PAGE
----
This speaks to the need for future work to continue to examine the shift in expulsion practices over time, as vaccines become available for young children, new variants arise, and more parents are returning to their traditional work settings. Results also suggest no predictive relationship between the factors being examined and expulsion status. Therefore, future research should also consider the additional factors described throughout our discussion as potential predictors of expulsion. Research into the disparate definitions between researchers and practitioners of mental health support is also an area for further examination. Finally, in this study, we did not ask about the demographics of children who were expelled. While it is important to know how expulsion practices are disproportionately impacting certain populations during the pandemic, we made the decision to utilize a simpler survey with the hopes that this would encourage our already stressed and overworked administrators to participate. Future work is needed to more thoroughly examine how the pandemic has impacted, and continues to impact, expulsion for those who were previously at higher risk.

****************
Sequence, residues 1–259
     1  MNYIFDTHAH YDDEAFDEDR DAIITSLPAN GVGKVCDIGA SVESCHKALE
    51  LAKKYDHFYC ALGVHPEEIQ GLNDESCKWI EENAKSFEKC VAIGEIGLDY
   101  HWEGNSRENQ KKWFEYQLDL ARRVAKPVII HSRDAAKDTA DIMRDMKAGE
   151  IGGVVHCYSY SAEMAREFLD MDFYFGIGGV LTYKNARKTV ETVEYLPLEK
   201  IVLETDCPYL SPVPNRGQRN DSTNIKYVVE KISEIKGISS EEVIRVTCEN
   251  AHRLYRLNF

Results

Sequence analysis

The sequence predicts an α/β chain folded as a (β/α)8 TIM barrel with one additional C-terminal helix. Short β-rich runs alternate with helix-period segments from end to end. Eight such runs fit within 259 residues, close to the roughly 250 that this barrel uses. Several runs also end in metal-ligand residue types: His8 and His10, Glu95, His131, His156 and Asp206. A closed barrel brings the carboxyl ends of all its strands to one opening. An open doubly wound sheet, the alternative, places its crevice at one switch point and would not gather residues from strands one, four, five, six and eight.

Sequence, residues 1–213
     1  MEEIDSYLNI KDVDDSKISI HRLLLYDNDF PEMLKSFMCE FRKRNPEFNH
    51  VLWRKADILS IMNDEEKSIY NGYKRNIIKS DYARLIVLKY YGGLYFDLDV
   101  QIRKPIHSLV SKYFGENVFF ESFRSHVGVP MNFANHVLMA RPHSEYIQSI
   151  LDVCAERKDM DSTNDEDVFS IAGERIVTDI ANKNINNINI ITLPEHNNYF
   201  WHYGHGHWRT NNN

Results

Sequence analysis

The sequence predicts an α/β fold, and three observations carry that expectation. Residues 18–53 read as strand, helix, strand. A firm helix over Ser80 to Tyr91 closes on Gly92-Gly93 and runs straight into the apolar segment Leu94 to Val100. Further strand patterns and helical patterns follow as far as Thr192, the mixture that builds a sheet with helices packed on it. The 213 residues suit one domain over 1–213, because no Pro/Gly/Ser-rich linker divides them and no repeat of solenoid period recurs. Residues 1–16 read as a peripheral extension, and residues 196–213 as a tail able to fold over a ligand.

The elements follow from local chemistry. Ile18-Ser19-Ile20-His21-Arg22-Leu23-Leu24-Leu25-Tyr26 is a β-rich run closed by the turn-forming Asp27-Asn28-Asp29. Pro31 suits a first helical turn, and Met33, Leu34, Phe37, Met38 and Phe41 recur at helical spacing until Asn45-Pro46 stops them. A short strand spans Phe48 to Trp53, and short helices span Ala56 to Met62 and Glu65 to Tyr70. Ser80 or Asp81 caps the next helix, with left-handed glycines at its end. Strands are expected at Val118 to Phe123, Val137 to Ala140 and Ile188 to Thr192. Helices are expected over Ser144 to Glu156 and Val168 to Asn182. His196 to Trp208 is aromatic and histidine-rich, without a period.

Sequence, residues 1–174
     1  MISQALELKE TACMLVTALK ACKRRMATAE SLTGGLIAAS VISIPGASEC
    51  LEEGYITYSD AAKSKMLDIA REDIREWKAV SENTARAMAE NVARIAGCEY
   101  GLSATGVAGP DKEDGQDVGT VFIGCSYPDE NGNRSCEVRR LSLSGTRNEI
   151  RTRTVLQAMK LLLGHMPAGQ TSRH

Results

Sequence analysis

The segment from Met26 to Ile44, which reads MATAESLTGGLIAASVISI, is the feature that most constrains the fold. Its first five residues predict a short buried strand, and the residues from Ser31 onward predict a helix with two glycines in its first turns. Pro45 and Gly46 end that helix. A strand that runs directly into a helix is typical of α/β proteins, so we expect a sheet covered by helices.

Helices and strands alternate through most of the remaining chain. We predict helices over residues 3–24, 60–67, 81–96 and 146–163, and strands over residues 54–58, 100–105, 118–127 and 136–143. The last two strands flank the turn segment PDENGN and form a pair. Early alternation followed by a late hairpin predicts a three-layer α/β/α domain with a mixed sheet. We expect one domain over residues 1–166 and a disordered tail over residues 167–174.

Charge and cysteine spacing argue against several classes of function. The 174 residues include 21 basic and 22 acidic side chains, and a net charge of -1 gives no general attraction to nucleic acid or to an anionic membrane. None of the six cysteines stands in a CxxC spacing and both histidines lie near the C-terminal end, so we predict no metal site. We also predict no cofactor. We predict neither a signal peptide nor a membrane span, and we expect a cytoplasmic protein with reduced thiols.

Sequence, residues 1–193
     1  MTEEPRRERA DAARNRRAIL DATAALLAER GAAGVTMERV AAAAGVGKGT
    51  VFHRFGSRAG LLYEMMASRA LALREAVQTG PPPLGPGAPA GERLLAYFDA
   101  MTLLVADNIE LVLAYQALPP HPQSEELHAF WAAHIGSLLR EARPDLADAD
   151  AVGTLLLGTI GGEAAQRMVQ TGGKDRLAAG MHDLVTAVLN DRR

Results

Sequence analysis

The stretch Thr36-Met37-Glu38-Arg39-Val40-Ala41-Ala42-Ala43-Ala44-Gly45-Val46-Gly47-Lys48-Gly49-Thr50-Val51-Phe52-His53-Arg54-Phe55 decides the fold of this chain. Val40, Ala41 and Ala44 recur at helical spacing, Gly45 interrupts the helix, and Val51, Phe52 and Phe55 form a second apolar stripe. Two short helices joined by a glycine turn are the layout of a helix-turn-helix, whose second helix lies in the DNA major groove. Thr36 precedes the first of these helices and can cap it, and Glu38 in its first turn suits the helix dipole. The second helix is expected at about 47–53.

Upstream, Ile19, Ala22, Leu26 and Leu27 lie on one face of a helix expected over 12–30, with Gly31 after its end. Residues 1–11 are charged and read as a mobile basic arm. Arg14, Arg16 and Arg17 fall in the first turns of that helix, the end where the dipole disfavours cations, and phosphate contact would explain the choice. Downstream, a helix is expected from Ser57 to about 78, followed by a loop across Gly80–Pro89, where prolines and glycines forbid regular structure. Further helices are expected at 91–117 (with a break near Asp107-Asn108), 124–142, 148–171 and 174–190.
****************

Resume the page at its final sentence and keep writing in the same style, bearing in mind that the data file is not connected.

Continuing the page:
Overall, results from this study indicate a positive trend of decreasing expulsion numbers during the first year of COVID-19 pandemic. Clearly, the pandemic brought a whole new set of challenges to an already under-resourced private childcare industry. The stress of these challenges and generalized pandemic-related worries, one might surmise, could have resulted in increased expulsions and suspensions of children in ECE settings. However, the rate of expulsion appears to have decreased and, although the downward trend is a positive outcome, we must further understand the forces driving this change to help ensure a lasting effect. While we entered this project believing that certain factors would impact a change in expulsion rates, our results indicate that these factors did not account for the shift we are seeing. Rather, we postulate that other COVID-related factors may have been in play during the study’s time span. In general, society seemed to develop a newfound appreciation for essential workers, including the child care workforce. This appreciation may have resulted in families being more sensitive and tolerant towards staff. Financial considerations may have also necessitated a certain measure of tolerance by programs operating under severe financial constraints due to lowered enrollments and safety regulations. The most surprising finding was that survey participants reported the same or fewer rates in the frequency and intensity of difficult behavior, despite the lapse of attendance, disruption of routines, and increased levels of stress that occurred during the pandemic. In summary, this survey seemed to prompt more questions than answers. This research has shown that expulsion practices and beliefs are ever-changing, and as we enter the “new normal” of COVID-19 living, we must continue to examine how uncertainty and evolving circumstances impact expulsion practices in the childcare community.